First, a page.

Moses Lake, WA 98837, USA

Farm Family of the Year: A shallow crop and deep roots at Thaemert Farms

By EMRY DINMAN, For the Basin Business Journal

Sixty-two years ago, the Thaemerts couldn’t have imagined that their family farm would be in the position it is today.

Their potatoes loom large over the Northwest market, their product is shipped across the country and world, and the Thaemerts were recently recognized by the Quincy Farmers Consumer Awareness Committee as the 2018 Quincy Farm Family of the Year. With over 4,000 acres of potato growing land in their name or else contracted out to them, Thaemert Farms is the single-largest chipping potato producer in Washington state.

Business is good, but it took every one of those 62 years to get here.

In 1956, Cleo and Rita Thaemert moved from Twin Falls, Idaho to Grant County with two young children, some old equipment and $75 between them. They came for the opportunity to grow, chasing their own small slice of the American-dream of self-sufficiency. It started slowly, with a patch of land the family rented, but things picked up quickly after a loan enabled them to purchase land of their own.

The land was covered in sagebrush when Cleo and Rita bought it, but the Thaemerts pulled and burned the shrubs, opening up the land to farming. Though the Thaemerts had started by growing beans on their rented land, they quickly made the transition to potatoes.

They were, after all, from Idaho, Rita said, and Cleo knew how to grow them. All the while, the Thaemerts were raising their children, Todd, Greg, Kevin and Debbie. As both a mother and a farmer, Rita was a prolific multi-tasker, Greg said. To Rita, that kind of environment was perfect to raise hard-working children and a tightly-knit family.

“It’s awful hard to find family farms anymore, but we have one,” Rita said.

While she and Cleo built their farm from nothing but hard-work and hope, their boys elevated it to the scale it is today, Rita said.

In large part, the staggering scale of the Thaemert operation is due to a happy accident that ended with the Thaemerts landing Frito-Lay, one of the largest snack-making conglomerates in the world, as a client for their chipping potatoes.

At one point, Frito-Lay had all of their chipping potatoes contracted on the coast, until heavy rains prevented the coastal suppliers from harvesting the potatoes necessary to fill the snack-maker’s orders. Frito-Lay reached out to Thaemerts, whose location — not only in the rain shadow East of the Cascades, but in the optimal environment of the Columbia Basin — made the farm a more reliable producer.

It’s a mixture of great ingredients that make the region so great for potato farming, Greg said, including good sandy soil, abundant water, and a location far enough north to have an optimal day length.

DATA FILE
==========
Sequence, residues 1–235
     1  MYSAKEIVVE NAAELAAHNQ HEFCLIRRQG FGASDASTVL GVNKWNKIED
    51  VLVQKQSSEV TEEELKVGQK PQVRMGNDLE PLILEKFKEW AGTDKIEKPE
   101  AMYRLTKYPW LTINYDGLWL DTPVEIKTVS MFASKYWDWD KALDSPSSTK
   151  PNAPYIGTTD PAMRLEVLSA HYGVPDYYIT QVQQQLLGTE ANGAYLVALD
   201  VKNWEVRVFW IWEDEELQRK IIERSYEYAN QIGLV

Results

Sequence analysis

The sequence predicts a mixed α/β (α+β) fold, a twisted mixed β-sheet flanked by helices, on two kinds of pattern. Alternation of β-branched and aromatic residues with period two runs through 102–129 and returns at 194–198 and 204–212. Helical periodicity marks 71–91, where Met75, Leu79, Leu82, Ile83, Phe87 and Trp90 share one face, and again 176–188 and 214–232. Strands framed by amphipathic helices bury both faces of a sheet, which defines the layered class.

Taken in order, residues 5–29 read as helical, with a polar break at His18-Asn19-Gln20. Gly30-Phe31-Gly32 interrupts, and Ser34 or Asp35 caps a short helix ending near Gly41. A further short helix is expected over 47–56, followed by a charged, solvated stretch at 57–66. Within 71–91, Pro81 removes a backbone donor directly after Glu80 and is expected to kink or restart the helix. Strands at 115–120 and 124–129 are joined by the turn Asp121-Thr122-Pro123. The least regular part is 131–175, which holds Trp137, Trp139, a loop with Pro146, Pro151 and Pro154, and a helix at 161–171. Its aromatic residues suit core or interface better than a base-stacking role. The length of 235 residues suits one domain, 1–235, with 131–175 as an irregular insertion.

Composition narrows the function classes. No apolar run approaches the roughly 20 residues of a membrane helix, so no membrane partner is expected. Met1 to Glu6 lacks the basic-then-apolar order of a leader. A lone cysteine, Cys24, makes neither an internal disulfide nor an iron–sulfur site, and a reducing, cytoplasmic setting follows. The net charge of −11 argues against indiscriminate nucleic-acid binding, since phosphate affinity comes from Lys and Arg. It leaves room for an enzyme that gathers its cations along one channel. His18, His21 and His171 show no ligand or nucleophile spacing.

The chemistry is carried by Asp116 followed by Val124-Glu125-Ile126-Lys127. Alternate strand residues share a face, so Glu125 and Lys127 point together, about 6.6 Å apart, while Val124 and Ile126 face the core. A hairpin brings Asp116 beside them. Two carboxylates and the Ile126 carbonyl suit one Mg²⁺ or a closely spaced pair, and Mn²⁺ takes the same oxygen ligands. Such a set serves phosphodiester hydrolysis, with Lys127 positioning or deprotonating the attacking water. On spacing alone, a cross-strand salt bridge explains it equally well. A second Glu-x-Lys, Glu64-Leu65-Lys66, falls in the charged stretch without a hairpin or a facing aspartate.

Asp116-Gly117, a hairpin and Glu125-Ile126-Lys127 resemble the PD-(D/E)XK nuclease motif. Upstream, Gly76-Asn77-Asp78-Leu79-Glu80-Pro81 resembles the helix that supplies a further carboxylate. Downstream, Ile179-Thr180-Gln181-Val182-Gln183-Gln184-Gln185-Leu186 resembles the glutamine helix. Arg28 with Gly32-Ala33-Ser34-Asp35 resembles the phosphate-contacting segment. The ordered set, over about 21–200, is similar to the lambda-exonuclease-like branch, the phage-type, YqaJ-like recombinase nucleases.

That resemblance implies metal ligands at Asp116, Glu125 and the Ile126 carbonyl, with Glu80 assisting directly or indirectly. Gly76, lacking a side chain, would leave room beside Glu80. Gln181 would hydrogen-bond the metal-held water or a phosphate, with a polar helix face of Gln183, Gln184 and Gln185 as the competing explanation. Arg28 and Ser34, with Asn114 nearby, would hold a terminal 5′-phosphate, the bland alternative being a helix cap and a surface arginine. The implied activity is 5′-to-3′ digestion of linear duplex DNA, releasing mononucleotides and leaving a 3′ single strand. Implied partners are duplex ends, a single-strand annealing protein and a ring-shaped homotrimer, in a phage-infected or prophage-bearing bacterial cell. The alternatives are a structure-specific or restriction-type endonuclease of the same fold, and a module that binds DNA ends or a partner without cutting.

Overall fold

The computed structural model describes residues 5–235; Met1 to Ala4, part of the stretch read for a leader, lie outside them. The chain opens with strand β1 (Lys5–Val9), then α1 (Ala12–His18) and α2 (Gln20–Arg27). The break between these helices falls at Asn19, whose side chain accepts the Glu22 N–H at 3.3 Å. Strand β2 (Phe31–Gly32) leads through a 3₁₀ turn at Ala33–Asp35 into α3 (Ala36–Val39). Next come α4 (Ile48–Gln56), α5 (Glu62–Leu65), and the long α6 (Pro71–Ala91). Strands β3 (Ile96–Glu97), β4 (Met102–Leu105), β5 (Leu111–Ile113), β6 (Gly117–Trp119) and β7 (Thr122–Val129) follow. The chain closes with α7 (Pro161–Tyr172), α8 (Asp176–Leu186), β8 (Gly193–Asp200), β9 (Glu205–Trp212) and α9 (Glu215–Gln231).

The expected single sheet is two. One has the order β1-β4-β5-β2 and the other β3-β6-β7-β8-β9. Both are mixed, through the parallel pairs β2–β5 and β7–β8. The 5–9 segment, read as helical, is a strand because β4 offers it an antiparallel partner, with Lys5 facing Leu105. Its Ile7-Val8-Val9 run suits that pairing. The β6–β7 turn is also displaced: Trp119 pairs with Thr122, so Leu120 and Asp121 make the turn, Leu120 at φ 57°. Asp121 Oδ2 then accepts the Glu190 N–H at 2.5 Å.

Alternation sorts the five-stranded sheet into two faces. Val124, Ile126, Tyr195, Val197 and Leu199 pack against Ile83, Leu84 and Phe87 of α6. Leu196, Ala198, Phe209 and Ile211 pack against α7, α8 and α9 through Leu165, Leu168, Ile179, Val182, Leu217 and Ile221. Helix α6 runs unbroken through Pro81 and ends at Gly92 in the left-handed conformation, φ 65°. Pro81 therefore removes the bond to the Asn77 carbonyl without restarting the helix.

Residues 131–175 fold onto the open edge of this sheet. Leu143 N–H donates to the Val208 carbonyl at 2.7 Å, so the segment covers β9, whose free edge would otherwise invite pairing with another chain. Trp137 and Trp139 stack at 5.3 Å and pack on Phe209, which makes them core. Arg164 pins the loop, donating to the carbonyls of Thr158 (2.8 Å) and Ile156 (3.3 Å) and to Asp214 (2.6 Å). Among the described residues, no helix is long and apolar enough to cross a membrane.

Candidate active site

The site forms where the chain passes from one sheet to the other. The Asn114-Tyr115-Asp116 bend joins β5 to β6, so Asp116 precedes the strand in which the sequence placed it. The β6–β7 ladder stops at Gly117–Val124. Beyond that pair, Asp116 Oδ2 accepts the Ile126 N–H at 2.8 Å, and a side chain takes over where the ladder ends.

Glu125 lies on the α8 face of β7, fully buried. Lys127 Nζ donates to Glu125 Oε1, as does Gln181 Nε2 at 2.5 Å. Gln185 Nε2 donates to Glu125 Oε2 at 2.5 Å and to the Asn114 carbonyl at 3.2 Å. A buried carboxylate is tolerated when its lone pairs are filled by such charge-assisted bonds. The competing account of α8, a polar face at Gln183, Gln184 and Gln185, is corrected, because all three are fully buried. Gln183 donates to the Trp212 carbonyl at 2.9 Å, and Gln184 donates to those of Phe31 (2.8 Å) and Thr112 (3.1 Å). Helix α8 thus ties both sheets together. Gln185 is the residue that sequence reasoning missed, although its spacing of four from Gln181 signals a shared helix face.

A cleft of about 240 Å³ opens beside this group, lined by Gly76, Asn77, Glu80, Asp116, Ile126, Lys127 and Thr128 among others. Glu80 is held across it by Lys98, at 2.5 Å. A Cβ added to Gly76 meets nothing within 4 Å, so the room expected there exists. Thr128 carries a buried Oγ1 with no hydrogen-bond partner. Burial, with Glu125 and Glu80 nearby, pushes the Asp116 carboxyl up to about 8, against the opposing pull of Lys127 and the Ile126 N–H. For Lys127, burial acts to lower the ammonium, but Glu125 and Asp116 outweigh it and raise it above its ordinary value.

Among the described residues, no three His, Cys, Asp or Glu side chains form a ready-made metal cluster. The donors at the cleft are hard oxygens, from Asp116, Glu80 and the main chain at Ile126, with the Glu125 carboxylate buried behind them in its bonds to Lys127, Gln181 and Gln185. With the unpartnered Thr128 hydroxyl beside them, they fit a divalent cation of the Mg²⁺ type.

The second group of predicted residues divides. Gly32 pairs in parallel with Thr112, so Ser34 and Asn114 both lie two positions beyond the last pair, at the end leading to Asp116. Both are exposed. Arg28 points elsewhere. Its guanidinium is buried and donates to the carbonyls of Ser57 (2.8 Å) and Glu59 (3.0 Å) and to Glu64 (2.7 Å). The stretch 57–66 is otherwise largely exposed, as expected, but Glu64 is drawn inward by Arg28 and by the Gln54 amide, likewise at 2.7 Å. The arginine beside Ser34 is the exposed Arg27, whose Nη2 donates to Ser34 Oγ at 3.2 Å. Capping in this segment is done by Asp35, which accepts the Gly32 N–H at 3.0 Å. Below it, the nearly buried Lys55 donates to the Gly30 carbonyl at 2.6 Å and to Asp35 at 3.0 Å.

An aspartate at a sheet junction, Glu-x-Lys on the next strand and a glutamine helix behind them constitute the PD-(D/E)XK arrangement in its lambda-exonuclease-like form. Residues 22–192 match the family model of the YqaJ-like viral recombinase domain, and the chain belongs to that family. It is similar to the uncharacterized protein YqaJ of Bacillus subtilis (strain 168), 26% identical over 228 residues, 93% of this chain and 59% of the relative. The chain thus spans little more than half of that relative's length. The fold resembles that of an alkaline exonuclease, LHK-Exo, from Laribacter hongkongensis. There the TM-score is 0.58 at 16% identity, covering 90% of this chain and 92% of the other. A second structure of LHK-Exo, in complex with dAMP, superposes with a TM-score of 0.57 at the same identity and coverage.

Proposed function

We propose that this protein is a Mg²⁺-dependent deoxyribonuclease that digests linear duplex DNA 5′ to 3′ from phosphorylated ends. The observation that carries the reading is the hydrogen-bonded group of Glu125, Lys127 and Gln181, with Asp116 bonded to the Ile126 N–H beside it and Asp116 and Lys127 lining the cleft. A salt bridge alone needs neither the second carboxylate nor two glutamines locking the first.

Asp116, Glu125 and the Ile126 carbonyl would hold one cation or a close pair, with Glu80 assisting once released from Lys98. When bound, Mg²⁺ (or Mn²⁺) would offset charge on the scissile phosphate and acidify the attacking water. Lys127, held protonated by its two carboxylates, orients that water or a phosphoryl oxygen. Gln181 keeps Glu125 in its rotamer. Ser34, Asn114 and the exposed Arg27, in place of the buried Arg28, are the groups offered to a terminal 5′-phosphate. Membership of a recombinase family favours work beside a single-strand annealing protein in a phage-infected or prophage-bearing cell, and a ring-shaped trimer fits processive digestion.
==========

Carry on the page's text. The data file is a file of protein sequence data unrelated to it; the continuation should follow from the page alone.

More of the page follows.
“I don’t know that if mom and dad had settled anywhere else, that we would be where we are today,” Greg said.

Frito-Lay was so impressed by the quality product that the Thaemerts could supply almost year-round that the family farm has become the major supplier for the snack-maker’s Northwest operation. Chances are good that any Lay’s chips bought in a Washington store was made with potatoes from the Thaemert’s farm.

The Thaemerts don’t just supply the Northwest, either; if problems arise in Frito-Lay’s supply-chain in a different region of the country, the Thaemerts’ steady supply of spuds can be relied on to fill orders. Later in the year, shipments of Thaemert potatoes will exit the country via the Port of Seattle and spend 30 days floating across the Pacific in massive cargo ships to Thailand and Vietnam.

Chipping potatoes, bred for to be perfectly translatable into a crisp bag of chips, are something of a specialty crop, Greg said.

“There’s only two or three growers in the state who do it, and we’re by far the biggest,” Greg said. “It’s more difficult to grow and store than with a regular baking potato. It’s very thin skinned, and it’s high in solid.”

Storage is also trickier with chipping potatoes, Greg said, as they need a warm environment that keeps glucose levels low. If sugar content is too high, the chip can become dark as it fries — unacceptable for the nearwhite ideal of Lay’s iconic chip.

Today, the three sons all work within their own niche. Todd grows potatoes, Greg does quality control, and Kevin runs the business side of things. Though their sister, Debbie, doesn’t work for the farm, she supports the family too, Rita said.

Today, the three sons all work within their own niche. Todd grows potatoes, Greg does quality control, and Kevin runs the business side of things. Though their sister, Debbie, doesn’t work for the farm, she supports the family too, Rita said.

“She often makes us dinner, because we’re too busy,” Rita said with a chuckle.

The whole Thaemert clan has in one way or another contributed to the farm’s overall success, Greg said, and though Cleo passed away last October, the next generation of Thaemerts is poised carry on his farm’s legacy. Todd’s son, Jason, has taken over a huge amount of responsibility at the farm already, Greg said, and Kevin’s stepson helps keep their operations compliant with the guidelines of Pepsi-Co, which owns Frito-Lay.

“Now the third-generation is coming along,” Greg said.

After all this time in the region, Greg said, for the family to be recognized by the community as the Farm Family of the Year was a humbling honor.

“We’ve been here for 62 years, and the Columbia Basin, especially the Quincy-George farming area, has been really good to us,” Greg said. “We’ve thrived here, and getting recognized with this felt like it showed that, in some small way, we’ve been good for the Columbia Basin too.”